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Cartel busters win right to search homes

22 Apr The Competition & Markets Authority has won an important legal challenge in the High Court, giving a boost to its investigations into collusion in the construction admixtures industry.

The High Court has today found comprehensively in favour of the Competition & Markets Authority (CMA) – on all three of its grounds – after the CMA sought judicial review of certain decisions made by the Competition Appeal Tribunal (CAT) relating to search warrants. 

In October 2023, the CMA applied for warrants to search business and domestic premises as part of its investigation into suspected anti-competitive conduct regarding the supply of chemical admixtures for use in the construction industry. The CMA conducted raids to gather evidence as part of its investigation.

While the CAT granted warrants authorising the CMA to search three business premises in England and Scotland, it refused the warrant regarding the domestic property. The CAT said it was necessary for the CMA to identify specific evidence demonstrating that an occupier of the property had a “propensity” to destroy physical or electronic documents held on their property – as their suspected involvement in a secret cartel was not enough.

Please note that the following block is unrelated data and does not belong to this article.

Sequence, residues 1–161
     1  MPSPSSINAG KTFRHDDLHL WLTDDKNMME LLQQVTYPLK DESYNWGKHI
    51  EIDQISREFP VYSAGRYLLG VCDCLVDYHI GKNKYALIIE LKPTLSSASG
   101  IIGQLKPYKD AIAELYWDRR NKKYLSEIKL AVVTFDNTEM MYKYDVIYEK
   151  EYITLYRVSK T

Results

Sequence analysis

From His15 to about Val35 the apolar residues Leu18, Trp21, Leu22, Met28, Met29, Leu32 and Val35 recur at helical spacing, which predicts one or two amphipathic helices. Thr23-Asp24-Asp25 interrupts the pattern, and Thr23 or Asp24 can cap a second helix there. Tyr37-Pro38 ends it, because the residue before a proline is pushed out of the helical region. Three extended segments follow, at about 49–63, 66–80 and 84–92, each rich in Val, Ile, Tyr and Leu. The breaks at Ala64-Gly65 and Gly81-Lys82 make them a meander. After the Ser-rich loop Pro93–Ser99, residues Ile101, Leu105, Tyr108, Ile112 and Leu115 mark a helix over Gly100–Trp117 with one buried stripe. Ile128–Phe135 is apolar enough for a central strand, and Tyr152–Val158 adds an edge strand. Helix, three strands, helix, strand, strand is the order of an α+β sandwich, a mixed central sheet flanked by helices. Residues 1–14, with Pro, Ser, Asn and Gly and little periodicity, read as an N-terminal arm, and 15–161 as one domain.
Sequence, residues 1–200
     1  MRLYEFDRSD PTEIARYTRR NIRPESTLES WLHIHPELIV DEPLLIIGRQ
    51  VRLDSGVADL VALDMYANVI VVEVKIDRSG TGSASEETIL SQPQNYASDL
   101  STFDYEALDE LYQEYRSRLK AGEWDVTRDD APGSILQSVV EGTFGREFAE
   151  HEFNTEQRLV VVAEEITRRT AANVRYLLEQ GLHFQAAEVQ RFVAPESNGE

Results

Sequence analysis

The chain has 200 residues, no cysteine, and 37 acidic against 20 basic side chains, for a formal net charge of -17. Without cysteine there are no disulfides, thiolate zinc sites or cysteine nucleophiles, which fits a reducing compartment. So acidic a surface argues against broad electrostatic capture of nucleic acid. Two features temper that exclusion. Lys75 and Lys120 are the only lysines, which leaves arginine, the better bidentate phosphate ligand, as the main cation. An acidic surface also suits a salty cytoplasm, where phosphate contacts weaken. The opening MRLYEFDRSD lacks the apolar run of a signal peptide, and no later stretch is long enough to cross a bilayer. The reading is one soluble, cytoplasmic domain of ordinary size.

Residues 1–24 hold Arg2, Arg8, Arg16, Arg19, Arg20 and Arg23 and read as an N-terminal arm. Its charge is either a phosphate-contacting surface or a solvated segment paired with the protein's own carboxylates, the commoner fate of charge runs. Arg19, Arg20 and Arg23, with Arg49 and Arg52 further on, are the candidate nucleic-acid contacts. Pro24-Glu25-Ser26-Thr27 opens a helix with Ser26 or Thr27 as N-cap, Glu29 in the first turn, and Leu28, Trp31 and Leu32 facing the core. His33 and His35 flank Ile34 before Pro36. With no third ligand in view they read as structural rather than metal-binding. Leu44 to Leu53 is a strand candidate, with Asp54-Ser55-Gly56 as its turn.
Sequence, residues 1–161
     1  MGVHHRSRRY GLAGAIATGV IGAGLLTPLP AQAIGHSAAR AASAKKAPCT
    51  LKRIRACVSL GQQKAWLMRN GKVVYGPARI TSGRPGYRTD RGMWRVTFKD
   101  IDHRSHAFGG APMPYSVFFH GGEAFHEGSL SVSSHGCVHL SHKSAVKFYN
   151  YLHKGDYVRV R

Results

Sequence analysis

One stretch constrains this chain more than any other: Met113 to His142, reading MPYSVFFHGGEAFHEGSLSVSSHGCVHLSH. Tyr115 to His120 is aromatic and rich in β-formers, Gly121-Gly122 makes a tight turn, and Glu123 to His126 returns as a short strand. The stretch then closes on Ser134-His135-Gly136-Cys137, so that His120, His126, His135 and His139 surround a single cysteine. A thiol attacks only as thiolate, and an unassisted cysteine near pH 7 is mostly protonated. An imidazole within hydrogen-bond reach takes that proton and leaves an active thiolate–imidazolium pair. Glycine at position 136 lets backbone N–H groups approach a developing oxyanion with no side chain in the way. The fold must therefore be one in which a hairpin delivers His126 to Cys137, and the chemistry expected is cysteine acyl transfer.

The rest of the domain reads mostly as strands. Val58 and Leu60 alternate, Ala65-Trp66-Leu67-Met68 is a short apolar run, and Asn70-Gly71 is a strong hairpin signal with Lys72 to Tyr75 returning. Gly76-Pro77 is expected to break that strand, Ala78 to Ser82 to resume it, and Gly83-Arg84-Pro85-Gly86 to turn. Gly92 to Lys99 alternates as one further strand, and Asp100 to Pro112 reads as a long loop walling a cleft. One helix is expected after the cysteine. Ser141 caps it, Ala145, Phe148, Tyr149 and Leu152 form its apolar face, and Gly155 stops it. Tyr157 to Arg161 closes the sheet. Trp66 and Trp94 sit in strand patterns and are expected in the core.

The CMA was concerned that the CAT’s decision would damage its ability to gather the necessary evidence to effectively investigate and enforce against secret cartels, particularly given the CAT’s indication that the warrants judgment was a guideline case to be followed in the future. As such, the CMA applied to the High Court for judicial review in December 2023.

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The High Court agreed with the CMA that the CAT had made an error in its application of the law – namely, that it was incorrect to state that specific evidence of a “propensity” to destroy electronic or physical documents was always required for a domestic search warrant, and that the CAT’s judgment should not therefore be followed in future cases. 

CMA chief executive Sarah Cardell said:  “We welcome this important ruling from the High Court, which found comprehensively in our favour on all three grounds. The original judgment by the Competition Appeal Tribunal risked seriously undermining our ability to enforce effectively against illegal cartels.

“With the increase in remote-working – and electronic communication – it’s essential that we are able to search domestic premises to secure evidence of potential breaches of competition law where appropriate to do so.”

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